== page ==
This week I embark on a new leg of my fight. Two years ago I lost my first pregnancy after being exposed to tear gas on a work assignment. Apparently, my employer (the University of Washington) didn’t feel it necessary to cover the medical expenses that resulted from this, despite my completing my duties at the expense of my health and my child’s life. In the past, I had never asked for more than the documented medical expenses, for which I had to submit multiple copies to multiple agents and tell my story repeatedly, when all I wanted to do was grieve in private. I am now preparing to take my case to the Washington State Board of Industrial Insurance Appeals. Again, I have a lot in my life I would rather be doing, like working on my thesis, or spending time with my family. Instead, I am researching tort law, insurance policies, and as always, the effects of the misleadingly named chemical weapon “tear gas.”
In preparing my case, I must also challenge the false information out there. The logic of many sources on the subject is that because there is limited information on the dangers of a chemical agent, that must mean it’s safe. The reality is that because it’s unethical to test chemical weapons on pregnant women, you won’t see lab studies on the subject. You’ll see news reports on the rising rates of miscarriages in areas hit by tear gas, but those reports are always secondary to the “real story”; the real stories reduce people killed and injured to nothing more than numbers, and treat governments and corporations as the only ones with anything to lose.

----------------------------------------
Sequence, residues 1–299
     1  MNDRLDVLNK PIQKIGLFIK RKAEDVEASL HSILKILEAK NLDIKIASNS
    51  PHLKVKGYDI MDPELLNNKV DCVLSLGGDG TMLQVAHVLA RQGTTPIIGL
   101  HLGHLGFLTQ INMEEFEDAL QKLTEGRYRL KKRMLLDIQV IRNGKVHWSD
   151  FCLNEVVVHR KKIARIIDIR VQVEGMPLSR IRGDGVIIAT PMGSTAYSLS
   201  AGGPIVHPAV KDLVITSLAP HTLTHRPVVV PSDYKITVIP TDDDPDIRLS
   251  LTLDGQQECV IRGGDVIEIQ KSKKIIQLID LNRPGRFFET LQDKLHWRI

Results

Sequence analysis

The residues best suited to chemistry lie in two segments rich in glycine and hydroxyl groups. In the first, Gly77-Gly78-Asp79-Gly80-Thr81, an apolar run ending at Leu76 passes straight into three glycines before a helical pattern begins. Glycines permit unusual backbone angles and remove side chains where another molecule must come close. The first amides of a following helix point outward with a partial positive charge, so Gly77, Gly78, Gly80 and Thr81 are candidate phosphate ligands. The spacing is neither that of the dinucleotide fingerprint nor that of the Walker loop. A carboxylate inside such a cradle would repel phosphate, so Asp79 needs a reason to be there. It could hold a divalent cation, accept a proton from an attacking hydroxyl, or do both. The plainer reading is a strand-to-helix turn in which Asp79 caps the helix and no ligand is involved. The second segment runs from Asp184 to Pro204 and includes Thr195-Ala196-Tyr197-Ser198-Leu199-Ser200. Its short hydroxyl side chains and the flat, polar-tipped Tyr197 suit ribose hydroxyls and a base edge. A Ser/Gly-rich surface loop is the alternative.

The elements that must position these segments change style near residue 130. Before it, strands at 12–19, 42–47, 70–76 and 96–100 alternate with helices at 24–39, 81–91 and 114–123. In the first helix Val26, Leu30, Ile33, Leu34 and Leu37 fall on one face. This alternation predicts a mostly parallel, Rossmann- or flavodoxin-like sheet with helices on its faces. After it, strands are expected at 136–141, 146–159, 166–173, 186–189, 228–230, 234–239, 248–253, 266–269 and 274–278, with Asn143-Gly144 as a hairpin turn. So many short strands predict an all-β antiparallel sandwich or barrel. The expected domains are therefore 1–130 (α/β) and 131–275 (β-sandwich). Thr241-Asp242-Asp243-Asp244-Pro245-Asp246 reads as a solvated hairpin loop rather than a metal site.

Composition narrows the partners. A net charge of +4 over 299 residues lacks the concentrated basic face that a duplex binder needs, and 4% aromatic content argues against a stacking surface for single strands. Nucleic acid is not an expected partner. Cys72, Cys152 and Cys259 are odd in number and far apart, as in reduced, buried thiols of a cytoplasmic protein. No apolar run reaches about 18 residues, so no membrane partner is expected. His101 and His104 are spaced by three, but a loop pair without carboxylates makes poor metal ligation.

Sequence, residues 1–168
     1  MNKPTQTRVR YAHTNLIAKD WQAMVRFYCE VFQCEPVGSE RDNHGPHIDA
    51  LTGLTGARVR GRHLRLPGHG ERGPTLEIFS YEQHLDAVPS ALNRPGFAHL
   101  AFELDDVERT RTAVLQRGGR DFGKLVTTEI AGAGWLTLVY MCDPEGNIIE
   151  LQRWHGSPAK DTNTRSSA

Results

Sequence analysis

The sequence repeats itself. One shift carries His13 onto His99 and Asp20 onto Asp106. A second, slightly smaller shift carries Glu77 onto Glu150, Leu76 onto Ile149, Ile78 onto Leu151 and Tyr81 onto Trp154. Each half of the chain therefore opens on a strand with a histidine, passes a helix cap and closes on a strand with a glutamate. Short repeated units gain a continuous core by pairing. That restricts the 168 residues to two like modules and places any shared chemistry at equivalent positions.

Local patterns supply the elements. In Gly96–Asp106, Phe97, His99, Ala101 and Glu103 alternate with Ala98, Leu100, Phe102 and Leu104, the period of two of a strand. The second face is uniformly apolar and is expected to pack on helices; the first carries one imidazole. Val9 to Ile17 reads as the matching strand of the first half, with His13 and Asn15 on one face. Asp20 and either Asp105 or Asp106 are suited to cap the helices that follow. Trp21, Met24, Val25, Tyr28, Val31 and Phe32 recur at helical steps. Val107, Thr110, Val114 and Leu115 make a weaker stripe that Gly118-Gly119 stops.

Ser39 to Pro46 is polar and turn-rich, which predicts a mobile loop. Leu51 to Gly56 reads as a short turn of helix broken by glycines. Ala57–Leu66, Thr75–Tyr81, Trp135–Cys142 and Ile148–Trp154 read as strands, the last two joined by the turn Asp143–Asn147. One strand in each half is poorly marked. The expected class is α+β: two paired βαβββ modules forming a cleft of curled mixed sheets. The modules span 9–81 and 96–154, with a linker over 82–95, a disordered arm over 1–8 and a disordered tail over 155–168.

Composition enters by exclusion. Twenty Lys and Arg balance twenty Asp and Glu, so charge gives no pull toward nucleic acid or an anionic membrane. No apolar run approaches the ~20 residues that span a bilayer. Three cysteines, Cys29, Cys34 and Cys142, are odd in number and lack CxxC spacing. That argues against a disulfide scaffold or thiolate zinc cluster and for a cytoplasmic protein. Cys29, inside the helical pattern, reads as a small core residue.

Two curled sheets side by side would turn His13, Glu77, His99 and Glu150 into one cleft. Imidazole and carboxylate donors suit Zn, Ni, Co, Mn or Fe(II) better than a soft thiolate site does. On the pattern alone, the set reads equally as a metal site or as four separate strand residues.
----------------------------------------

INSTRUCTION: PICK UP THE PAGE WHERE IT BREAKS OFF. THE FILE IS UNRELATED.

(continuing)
The real story is that this world is fucked, and it won’t change until we do something about it. Even if that something is telling the same story over and over until others take up the call, and force change.
I have told the story of what has happened to me to so many bureaucrats that the dates of what happened to me are forever burned into my head. For example, yesterday was the two year anniversary of the second ultrasound done to confirm my baby no longer had a heartbeat. Tomorrow is the two year anniversary of the day the miscarriage began in earnest. February 21 is the two year anniversary of the D&C for which I had to pay the hospital expenses out of pocket. And February 26 is the day I got on a plane heading home, alone (because my fiance and I couldn’t afford tickets on the same flight), seated behind a couple with their new baby, crying almost the entire way (me and the baby).
I am going to keep repeating these dates and my story, not only for fair recompense, but so that weapons manufacturers can no longer claim safety based on the lack of information. In what world does that logic make sense? Here’s some information: I lost my baby because I was exposed to a chemical weapon. It doesn’t take a rocket scientist to figure that out. It just takes a very stubborn researcher with an aptitude for fighting red tape to prove it to the powers that be.
If you want to join my fight, send an email to banteargas (at) hotmail.com, or leave a comment below with resources for others.